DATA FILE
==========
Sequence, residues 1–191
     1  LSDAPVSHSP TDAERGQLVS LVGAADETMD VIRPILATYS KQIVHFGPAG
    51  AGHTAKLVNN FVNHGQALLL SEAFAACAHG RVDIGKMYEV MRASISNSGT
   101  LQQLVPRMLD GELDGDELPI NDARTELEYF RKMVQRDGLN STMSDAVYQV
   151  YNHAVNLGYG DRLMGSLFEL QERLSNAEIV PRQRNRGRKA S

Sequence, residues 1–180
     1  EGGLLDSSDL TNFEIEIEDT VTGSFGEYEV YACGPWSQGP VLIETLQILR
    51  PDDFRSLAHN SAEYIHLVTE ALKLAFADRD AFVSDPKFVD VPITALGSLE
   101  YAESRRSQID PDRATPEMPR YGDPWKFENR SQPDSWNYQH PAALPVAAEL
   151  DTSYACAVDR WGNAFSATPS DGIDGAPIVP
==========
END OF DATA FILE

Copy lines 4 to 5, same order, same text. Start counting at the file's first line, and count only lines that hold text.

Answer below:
   101  LQQLVPRMLD GELDGDELPI NDARTELEYF RKMVQRDGLN STMSDAVYQV
   151  YNHAVNLGYG DRLMGSLFEL QERLSNAEIV PRQRNRGRKA S